If you’ve got Hamilton fans in your readership, this is an easy booktalk. The fast-paced verse moves the book along and takes readers into the minds of historic figures that we don’t normally hear much from. Siege is a good additional read for tweens interested in US history, especially those kids interested in the American Revolution.

Posted in Early Reader, Non-Fiction, Non-fiction, Non-Fiction, Preschool Reads

Welcome #NationalPoetryMonth with Animal Ark

Animal Ark, created by photographer Joel Sartore/text by Kwame Alexander, (Feb. 2017, National Geographic), $15.99, ISBN: 978-1-4263-2767-4

Recommended for ages 3+

Newbery Award winning author Kwame Alexander lends his voice to award-winning National Geographic photographer Joel Sartore’s beautiful book of wild animals. Animal Ark is inspired by the National Geographic Photo Ark: a project between Sartore and the National Geographic Society to document every species in captivity, with the goal of raising awareness and protecting these animals for future generations.

Kwame Alexander writes amazing verse. If you’ve read The Crossover or Booked, you know this. His Animal Ark verse is at once playful and a call to action; paired with Sartore’s visually stunning photos, they pack a powerful punch to the psyche. A full-page photo of a wolf’s face in profile proclaims, “Howl like you mean it… the world is listening”; brightly colored beetles stand out against a black background, reading “Color me ancient and sacred”. The words placement is also playful, winding across the page and around the animals, to create a full visual experience for the reader. Several gatefolds throughout the book surprise the reader with a “chorus of creatures”, collages of photos. Here, the text reminds us of what we have and not to squander our gifts: “There are too few remaining/in the rain forest/in the big blue sea/in the whole wide world/because of you and me”.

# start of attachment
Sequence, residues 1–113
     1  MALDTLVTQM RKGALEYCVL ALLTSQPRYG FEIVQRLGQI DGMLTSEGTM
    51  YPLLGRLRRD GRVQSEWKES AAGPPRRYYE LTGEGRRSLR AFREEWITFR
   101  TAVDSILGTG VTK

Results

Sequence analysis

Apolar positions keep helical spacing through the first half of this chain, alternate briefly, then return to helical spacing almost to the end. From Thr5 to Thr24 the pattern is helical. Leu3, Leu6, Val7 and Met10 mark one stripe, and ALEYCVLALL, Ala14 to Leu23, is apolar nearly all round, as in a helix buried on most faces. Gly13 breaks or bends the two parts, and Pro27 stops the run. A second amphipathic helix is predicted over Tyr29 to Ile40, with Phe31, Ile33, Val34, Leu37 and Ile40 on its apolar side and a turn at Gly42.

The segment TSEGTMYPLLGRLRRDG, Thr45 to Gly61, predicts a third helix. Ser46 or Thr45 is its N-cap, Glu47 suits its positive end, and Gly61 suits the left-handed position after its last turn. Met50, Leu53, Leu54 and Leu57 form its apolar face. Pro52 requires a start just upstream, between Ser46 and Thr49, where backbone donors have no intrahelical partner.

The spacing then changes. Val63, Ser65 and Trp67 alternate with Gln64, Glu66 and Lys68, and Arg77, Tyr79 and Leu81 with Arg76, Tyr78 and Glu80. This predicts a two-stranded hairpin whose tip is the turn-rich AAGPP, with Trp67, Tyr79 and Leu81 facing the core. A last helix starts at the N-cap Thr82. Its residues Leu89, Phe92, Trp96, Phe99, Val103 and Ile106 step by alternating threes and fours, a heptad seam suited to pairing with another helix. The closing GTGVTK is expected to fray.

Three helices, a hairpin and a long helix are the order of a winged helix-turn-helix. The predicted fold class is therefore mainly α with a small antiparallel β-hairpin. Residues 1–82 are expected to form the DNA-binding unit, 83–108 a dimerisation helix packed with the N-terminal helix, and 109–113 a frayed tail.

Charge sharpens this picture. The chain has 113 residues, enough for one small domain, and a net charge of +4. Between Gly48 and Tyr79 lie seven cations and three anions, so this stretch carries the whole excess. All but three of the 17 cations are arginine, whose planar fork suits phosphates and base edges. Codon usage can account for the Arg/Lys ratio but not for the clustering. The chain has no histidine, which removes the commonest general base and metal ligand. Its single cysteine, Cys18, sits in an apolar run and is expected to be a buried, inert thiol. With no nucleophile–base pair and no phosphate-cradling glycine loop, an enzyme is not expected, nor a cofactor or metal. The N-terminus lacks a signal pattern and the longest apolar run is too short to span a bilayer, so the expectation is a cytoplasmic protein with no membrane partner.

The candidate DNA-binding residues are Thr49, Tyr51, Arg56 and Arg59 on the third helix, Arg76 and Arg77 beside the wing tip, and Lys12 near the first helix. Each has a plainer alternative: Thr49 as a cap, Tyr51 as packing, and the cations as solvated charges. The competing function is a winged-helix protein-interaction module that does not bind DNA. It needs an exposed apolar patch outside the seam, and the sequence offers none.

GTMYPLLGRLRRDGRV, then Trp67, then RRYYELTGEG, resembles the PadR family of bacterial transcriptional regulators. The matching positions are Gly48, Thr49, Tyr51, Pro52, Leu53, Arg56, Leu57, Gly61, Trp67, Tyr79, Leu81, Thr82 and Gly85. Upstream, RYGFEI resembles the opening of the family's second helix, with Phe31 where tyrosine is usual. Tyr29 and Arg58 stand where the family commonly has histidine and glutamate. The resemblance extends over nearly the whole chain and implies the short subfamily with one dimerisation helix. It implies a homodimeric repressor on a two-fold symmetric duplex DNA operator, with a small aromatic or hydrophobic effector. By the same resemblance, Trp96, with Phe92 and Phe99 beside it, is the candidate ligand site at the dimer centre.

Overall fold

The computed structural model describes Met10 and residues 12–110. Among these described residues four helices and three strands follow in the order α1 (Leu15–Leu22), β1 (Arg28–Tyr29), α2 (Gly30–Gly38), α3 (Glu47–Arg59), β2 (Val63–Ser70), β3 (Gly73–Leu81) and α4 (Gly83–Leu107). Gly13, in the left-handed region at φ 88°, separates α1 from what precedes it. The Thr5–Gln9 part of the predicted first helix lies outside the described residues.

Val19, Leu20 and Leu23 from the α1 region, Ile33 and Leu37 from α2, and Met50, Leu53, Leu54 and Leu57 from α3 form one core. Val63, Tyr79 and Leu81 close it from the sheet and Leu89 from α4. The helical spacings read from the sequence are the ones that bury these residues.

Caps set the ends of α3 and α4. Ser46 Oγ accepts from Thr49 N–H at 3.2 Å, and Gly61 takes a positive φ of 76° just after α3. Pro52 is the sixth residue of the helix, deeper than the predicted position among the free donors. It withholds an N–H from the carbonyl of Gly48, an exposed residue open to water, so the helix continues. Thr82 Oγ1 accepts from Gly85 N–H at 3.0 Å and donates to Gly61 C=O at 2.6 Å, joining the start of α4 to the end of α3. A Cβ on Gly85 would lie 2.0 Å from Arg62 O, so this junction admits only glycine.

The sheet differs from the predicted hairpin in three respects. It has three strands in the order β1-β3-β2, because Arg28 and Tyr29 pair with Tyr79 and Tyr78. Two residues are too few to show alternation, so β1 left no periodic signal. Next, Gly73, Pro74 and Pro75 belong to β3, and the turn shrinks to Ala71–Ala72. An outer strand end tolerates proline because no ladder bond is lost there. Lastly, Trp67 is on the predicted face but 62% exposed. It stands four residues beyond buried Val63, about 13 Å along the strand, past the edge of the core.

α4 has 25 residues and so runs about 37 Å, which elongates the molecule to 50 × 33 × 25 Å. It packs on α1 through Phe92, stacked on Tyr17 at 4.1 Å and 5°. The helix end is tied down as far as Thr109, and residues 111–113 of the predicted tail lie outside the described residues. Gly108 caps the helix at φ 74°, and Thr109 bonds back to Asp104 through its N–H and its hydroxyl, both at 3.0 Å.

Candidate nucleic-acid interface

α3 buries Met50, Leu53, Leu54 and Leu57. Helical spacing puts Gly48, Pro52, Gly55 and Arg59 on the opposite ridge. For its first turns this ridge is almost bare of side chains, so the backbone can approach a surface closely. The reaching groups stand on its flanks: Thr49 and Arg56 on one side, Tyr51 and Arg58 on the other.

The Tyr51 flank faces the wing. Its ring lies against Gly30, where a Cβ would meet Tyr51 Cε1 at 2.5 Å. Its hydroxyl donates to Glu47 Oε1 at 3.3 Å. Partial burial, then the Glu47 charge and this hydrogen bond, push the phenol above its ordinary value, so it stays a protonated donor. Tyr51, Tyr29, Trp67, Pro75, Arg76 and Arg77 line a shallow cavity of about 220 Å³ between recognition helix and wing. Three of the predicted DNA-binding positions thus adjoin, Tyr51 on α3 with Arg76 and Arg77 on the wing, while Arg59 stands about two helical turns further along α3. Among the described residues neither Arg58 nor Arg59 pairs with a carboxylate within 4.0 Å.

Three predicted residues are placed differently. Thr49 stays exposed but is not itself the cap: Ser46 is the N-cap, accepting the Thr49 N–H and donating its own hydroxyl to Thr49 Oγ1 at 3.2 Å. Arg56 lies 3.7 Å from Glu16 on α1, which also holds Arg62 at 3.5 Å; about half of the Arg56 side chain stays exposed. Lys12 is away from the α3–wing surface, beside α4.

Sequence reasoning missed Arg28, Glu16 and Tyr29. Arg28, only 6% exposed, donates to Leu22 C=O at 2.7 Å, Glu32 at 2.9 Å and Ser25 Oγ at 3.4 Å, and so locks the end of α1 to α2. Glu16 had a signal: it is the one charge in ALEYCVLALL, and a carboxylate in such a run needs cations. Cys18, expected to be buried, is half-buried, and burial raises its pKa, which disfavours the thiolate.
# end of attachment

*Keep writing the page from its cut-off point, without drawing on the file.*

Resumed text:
Joel Sartore has photographed more than 6,000 species for the PhotoArk project, more than 100 of which are featured in Animal Ark. A companion adult book, National Geographic The Photo Ark: One Man’s Quest to Document the World’s Animals (March 2017) includes more photographs and a foreword by Harrison Ford.

This is a perfect book to read and display for National Poetry Month (starting April 28), and for Earth Day (April 22nd). It’s a beautiful photo book with lovely verse that will draw readers in. Animal Ark received a starred review from School Library Journal and the companion adult book received a starred review from Publisher’s Weekly.

Have a look at the blooper reel – photographing animals isn’t always easy!

Posted in Fantasy, mythology, Teen, Young Adult/New Adult

The Myth of the Minotaur? That’s BULL.

Bull, by David Elliott, (March 2017, HMH Books for Young Readers), $17.99, ISBN: 9780544610606

Recommended for ages 13+

You may know the myth of Theseus, the Minotaur, and the Labryinth, but I guarantee you’ve never read it like this. Told in verse, with each character’s voice using its own poetric form, from sonnets and stanzas to split couplets.  Poseidon acts as a kind of narrator, boastful and smug, laying out the lay of the land for readers: how Minos wouldn’t sacrifice a bull to him, so he decided to take it out on his wife and son. We have Minos, who’s not winning any father of the year awards; poor, insane Queen Pasiphae, who loves her baby boy and loses her mind when he’s taken from her; Ariadne, Minos’ daughter who just wants to take her brother, Asterion – the Minotaur – away from the hell he’s living, Daedalus, the engineer of the labyrinth, and last but never least, Asterion, the voice of the Minotaur himself.

There are inevitable Hamilton comparisons to be made, and this is a good thing: it’s a modern, compulsively readable, update of the classic myth, full of dark humor, angst, and betrayal. Elliott fleshes out the story by giving his take on the characters’ internal dialogue; most notably, Asterion’s growing despair and rage, also depicted by the progressively darker pages on which his dialogue runs. I’d love to see this staged, and I’m sure many, many high school and college students will, too.

Bull received (well-deserved) starred reviews from Booklist and Kirkus. Language and situations may give some more conservative readers pause, but it is a Greek myth, after all.

Author David Elliott’s webpage has more information about the author and his books, plus information about author visits. There is also a link to Mr. Elliott’s Pinterest page, where readers can find more links to information about the players in Bull and their mythology.